For better traction, the Discovery Sport has larger tires than the Escape (235/60R18 vs. 225/65R17).
The Discovery Sport’s standard tires provide better handling because they have a lower 60 series profile (height to width ratio) that provides a stiffer sidewall than the Escape’s standard 65 series tires. The Discovery Sport’s optional tires have a lower 45 series profile than the Escape’s optional 55 series tires.
For better ride, handling and brake cooling the Discovery Sport has standard 18-inch wheels. Smaller 17-inch wheels are standard on the Escape. The Discovery Sport’s optional 21-inch wheels are larger than the 19-inch wheels optional on the Escape.
The Discovery Sport offers an optional full size spare tire so a flat doesn’t interrupt your trip. A full size spare isn’t available on the Escape, it requires you to depend on a temporary spare, which has mileage and speed limitations, or roadside assistance and a tow-truck.
The Discovery Sport offers an optional driver-adjustable suspension system. It allows the driver to choose between an extra-supple ride, reducing fatigue on long trips, or a sport setting, which allows maximum control for tricky roads or off-road. The Escape’s suspension doesn’t offer adjustable shock absorbers.
For a smoother ride and more stable handling, the Discovery Sport’s wheelbase is 1.2 inches longer than on the Escape (107.9 inches vs. 106.7 inches).
For better handling and stability, the average track (width between the wheels) on the Discovery Sport is 1.8 inches wider in the front and 2.7 inches wider in the rear than the track on the Escape.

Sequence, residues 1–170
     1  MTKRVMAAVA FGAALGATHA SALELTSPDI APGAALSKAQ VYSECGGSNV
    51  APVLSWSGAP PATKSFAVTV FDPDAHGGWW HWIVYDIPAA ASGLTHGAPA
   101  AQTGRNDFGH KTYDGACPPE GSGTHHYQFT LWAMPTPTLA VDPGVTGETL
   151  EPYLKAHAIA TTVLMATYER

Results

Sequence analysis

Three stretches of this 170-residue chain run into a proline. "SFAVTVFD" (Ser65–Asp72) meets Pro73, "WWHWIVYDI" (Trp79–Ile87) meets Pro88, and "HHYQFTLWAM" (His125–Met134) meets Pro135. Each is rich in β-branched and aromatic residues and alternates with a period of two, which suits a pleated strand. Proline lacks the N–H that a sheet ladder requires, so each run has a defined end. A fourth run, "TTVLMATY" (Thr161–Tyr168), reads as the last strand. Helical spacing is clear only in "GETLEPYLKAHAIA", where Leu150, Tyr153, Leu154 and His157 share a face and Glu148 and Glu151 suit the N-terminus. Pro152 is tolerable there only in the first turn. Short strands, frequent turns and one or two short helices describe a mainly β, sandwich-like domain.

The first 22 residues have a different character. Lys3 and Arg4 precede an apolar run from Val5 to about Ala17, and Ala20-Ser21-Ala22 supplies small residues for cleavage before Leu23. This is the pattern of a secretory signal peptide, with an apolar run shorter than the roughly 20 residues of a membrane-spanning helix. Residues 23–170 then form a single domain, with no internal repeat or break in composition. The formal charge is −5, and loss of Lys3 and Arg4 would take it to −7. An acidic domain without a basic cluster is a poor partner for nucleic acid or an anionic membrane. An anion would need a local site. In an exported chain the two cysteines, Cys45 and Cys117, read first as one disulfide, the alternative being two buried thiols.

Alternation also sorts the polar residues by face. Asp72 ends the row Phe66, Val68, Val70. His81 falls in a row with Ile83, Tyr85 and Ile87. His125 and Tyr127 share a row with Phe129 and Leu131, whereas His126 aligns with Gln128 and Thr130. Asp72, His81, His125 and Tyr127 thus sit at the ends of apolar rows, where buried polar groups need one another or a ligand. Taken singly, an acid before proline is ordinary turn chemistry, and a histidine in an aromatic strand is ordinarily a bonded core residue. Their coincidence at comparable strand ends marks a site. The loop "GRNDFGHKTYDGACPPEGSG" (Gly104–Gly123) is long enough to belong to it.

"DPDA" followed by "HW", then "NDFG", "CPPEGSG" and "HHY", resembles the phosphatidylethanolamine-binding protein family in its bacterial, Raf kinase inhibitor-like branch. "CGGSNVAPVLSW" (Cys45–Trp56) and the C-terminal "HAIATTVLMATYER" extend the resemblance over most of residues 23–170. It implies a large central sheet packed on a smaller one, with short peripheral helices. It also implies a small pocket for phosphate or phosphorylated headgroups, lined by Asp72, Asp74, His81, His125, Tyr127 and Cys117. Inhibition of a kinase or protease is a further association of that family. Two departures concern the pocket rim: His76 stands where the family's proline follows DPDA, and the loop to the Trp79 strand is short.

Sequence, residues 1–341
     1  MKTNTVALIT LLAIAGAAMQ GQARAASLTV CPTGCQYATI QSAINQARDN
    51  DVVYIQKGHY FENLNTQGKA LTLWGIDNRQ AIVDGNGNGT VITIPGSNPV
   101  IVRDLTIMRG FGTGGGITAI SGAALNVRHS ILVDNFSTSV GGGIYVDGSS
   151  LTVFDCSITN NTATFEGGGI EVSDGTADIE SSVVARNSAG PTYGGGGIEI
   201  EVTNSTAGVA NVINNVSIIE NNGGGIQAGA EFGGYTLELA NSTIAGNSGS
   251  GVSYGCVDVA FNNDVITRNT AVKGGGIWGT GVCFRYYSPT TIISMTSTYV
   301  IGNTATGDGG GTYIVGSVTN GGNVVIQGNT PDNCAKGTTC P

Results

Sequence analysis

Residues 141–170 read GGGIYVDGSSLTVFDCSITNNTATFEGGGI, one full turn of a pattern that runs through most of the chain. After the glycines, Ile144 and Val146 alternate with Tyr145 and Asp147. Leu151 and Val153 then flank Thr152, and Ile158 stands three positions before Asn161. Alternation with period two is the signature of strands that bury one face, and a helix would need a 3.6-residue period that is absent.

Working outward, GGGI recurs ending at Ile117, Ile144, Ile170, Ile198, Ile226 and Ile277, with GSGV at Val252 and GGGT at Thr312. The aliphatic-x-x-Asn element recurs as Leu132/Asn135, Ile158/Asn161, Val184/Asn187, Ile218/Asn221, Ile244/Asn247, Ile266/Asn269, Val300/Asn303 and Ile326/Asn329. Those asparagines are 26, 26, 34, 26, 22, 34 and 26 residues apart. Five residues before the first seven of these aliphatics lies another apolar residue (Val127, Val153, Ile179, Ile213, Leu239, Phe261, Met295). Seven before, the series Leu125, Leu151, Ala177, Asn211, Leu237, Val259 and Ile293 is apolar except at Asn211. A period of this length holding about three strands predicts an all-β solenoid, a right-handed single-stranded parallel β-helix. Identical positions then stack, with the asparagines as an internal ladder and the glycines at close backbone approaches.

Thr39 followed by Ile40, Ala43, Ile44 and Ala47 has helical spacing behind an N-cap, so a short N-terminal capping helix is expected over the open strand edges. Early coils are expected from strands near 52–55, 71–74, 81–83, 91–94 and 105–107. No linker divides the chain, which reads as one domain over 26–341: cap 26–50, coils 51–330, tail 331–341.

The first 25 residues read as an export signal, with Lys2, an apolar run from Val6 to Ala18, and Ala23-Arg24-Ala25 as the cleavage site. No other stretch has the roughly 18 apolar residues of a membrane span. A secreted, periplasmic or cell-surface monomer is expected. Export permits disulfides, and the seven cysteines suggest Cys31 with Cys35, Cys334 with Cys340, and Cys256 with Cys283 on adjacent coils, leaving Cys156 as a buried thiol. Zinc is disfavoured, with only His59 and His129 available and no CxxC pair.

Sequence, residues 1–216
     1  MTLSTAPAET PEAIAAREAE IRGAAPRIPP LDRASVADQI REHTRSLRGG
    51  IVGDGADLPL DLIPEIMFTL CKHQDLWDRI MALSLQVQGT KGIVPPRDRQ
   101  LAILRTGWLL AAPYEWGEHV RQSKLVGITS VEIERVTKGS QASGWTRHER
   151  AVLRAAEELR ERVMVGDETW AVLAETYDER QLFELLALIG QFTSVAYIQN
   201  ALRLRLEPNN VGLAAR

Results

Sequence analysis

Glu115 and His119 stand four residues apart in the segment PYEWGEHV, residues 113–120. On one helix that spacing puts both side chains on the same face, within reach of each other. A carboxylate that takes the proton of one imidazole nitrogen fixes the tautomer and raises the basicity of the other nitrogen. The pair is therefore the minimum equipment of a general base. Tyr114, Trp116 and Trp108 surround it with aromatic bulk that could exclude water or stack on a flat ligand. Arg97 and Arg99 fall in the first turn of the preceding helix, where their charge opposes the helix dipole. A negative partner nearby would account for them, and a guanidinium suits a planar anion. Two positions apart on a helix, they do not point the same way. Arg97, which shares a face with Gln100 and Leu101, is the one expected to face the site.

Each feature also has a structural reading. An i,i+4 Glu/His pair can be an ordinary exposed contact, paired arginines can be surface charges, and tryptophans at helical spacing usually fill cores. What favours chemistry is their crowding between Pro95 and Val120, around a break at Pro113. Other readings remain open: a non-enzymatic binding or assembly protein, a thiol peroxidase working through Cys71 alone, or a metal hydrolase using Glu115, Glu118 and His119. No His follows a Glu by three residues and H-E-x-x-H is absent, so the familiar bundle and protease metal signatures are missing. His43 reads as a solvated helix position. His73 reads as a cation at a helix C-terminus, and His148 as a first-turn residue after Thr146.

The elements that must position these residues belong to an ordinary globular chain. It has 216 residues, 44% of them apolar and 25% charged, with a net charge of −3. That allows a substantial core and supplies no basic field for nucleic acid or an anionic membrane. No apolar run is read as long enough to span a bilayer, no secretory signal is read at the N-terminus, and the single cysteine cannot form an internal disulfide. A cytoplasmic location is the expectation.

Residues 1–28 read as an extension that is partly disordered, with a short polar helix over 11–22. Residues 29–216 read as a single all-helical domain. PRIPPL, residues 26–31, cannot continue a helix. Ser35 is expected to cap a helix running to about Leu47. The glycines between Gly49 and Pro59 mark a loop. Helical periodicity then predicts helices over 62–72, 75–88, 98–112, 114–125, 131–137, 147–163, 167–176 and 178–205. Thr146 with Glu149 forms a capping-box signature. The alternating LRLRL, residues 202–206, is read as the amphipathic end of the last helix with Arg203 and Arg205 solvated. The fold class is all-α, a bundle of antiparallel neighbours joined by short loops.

The Discovery Sport offers optional seating for 7 passengers; the Escape can only carry 5.
For enhanced passenger comfort on long trips the Discovery Sport’s middle row seats recline. The Escape’s rear seats don’t recline.
The Discovery Sport’s cargo area is larger than the Escape’s in almost every dimension:
Length to seat (3rd/2nd/1st)
The Discovery Sport’s standard towing capacity is much higher than the Escape’s (4409 vs. 2000 pounds).
Unlike the driver-only memory seat and mirrors in the Escape SEL/Titanium, the Discovery Sport (except Base) offers an optional driver and passenger memory, so that when drivers switch, the memory setting adjusts the driver’s seat and outside mirror angle and the front passenger seat also adjusts to the new passenger’s preset preferences.
The Discovery Sport’s front and rear power windows all open or close fully with one touch of the switches, making it more convenient at drive-up windows and toll booths, or when talking with someone outside the car. The Escape’s power window switches have to be held the entire time to close them fully. Only its driver’s window opens automatically.